President Donald Trump has the highest disapproval rating of any newly elected president, according to a CNN/ORC poll released Friday.
کد خبر: ۶۶۳۵۷۶
تاریخ انتشار: ۱۶ بهمن ۱۳۹۵ - ۱۶:۵۴ 04 February 2017
President Donald Trump has the highest disapproval rating of any newly elected president, according to a CNN/ORC poll released Friday.

Just two weeks into his presidency, Trump’s disapproval is at a historic 53 percent — higher than any president before him since polls began tracking it. With an approval rating of 44 percent, Trump is the only president to have a negative net approval rating this early into his administration.

Trump’s approval numbers, however, are slightly better than they were a week before his inauguration, when he had a 40 percent approval and 52 percent disapproval. But his numbers have worsened since November, when as the newly minted president-elect he had a 46 percent approval and 45 percent disapproval ratings.

President Ronald Reagan, a former Hollywood actor and California governor who previously held the record low approval rating at this point, tops the incumbent reality TV star-turned-president by 7 percentage points. Reagan had a 51 percent approval rating in January 1981.

President Barack Obama, Trump’s immediate predecessor, had the highest approval rating. He sat an overwhelming 76 percent in February 2009.

Despite his low approval, nearly 8-in-10 respondents said Trump has handled the opening weeks of his presidency as expected. For 42 percent, that’s a good thing. But 35 percent said it’s a bad thing, and for 17 percent who said the early days of the Trump administration have diverged from what they expected, his departure from their expectations is also a bad thing.

Trump has opened his administration with an aggressive agenda that has included a number of executive orders and presidential memoranda. But he has harped on his historic election in nearly all of his public comments, proclaimed a war against the media, disputed reports that his inaugural crowd size was smaller than Obama’s in 2009 and told congressional leaders privately — without evidence — that he lost the popular vote because 3 million to 5 million people voted illegally for Hillary Clinton. He has called for an investigation into his unsubstantiated claims of widespread voter fraud.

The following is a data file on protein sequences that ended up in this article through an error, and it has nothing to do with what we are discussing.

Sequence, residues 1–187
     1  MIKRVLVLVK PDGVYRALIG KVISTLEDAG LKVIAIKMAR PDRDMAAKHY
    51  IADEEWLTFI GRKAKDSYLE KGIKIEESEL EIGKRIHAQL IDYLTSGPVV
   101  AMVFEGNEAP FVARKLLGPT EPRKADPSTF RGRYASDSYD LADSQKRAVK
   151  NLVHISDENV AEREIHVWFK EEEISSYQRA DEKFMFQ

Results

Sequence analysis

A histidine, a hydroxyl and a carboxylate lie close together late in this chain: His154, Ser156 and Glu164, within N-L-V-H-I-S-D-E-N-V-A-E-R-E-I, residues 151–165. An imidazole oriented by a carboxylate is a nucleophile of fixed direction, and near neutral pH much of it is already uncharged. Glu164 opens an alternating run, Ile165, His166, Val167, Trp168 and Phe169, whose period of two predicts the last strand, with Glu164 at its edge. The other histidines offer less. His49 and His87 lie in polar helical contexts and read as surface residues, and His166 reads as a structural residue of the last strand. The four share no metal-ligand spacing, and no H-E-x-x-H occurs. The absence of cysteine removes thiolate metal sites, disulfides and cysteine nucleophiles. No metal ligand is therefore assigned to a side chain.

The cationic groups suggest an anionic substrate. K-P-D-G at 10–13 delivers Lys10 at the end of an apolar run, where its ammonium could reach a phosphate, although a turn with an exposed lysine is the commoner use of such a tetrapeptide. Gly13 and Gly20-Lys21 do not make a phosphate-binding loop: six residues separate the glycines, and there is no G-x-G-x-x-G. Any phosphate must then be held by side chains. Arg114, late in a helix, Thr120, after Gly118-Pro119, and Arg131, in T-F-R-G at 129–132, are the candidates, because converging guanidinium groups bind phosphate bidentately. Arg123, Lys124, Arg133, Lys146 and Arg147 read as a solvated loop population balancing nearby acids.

While Trump has positive net approval ratings for his handling of the economy and national security, a majority disapprove of how he has handled terrorism (53 percent), health care policy (50 percent), immigration (56 percent) and foreign affairs (55 percent).

Fifty-three percent of respondents said things in the country are going either pretty or very badly, and a majority of Americans disagree with some of the president’s top actions, including his travel ban and border wall.

Fifty-three percent oppose last week’s executive order temporarily barring travel to the U.S. from citizens of seven majority-Muslim countries, with 46 percent arguing that it makes the U.S. less safe from terrorism and 49 percent saying it harms Americans values by preventing those seeking asylum from entering the country. And 55 percent, counter to the White House’s characterization, said the travel restriction amounts to a ban on Muslims, which Trump proposed during his presidential campaign. More than 7 in 10 also said they not only believe that Islamic State-associated terrorists are already in the U.S. but that they also have the resources to launch a major attack at any time.

Trump campaigned on a massive border wall that he insisted Mexico will pay for (Mexican officials have repeatedly denied that they will), but 60 percent of respondents oppose his signature pledge.

The CNN/ORC poll of 1,002 American adults was conducted Jan. 31-Feb. 2 via landline and cellphone. It has a margin of error of plus or minus 3 percentage points.

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